HUMAN RIGHTS

Human Rights, Constitutional Politics and Religious Diversity

This thematic research group at the Lichtenberg-Kolleg (2015-17) is designed to strengthen interdisciplinary cooperation on the role of human rights and modern constitutionalism for regulating religious diversity in contemporary societies. It brings together sociologists, political scientists, legal scholars and experts in modern Islam who are working on fundamental rights, their global diffusion and their complex relationship with religious traditions. The research theme, while responding to pressing political questions in many parts of the world, bears on foundational questions addressed by all participating disciplines and helps foster collaboration in the areas of socio-legal and religious studies on Göttingen Campus.
Göttingen based scholars will cooperate with junior researchers and senior visiting fellows in the following three thematic areas:

  • (a) Secularism and constitutional reforms. Comparative research in this area will focus on explaining the politics of constitutional reform in selected European, Middle Eastern and South Asian states, focusing on secular-religious cleavages and status negotiations between religious majorities and minorities.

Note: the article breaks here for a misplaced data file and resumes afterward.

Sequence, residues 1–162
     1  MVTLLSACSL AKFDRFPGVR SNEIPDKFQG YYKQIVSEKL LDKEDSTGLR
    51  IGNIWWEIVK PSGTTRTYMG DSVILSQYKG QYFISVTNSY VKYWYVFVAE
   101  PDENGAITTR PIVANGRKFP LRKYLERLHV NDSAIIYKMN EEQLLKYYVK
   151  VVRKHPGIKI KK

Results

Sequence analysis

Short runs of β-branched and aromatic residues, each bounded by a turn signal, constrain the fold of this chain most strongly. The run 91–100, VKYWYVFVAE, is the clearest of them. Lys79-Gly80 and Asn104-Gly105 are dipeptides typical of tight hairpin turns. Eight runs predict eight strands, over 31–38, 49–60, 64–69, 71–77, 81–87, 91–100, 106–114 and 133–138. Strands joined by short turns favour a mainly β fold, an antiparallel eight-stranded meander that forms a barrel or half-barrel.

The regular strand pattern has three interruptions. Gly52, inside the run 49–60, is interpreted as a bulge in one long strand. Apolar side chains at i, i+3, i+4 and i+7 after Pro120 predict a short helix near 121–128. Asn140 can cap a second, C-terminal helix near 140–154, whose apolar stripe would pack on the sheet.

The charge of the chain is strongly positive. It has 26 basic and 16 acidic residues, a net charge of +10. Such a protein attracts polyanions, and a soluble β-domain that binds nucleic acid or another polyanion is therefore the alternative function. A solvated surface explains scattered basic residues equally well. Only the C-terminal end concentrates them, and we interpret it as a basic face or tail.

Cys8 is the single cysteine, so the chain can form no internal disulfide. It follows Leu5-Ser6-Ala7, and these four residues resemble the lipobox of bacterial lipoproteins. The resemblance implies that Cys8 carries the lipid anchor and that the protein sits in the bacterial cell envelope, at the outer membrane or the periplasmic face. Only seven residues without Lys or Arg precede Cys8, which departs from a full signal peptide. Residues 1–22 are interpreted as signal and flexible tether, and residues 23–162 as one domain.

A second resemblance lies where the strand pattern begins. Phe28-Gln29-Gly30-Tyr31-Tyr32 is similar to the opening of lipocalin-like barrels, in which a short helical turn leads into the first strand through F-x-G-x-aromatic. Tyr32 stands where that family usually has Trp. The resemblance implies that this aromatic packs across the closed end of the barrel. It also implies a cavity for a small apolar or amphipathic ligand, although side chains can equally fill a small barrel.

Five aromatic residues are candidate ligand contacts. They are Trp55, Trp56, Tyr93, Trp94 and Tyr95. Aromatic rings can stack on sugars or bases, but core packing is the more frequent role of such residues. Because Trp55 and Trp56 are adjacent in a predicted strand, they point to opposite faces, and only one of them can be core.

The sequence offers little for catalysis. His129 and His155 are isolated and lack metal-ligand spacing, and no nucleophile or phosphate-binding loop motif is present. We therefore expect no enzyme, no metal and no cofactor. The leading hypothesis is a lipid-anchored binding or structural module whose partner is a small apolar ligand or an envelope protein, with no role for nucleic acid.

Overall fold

• (b) Claiming religious rights in courts. Comparative research in this area will focus on core judicial institutions, notably international human rights courts and constitutional courts, and their emerging case-law responding to claims for recognizing individual and collective religious rights.
  • (c) Transnational religious movements and legal transformations. Research in this area will scrutinize historical and contemporary examples of transnational Christian and Islamic movements which mobilize to change both international and national legal regimes through political lobbying, constitutional agenda-setting or strategic litigation.

Together, these three areas of research which all adopt a thoroughly transregional and transcultural perspective will help understand how contemporary governance of religious diversity unfolds at the intersection of human rights, constitutional law and historically entrenched relations of state, nationhood and religion.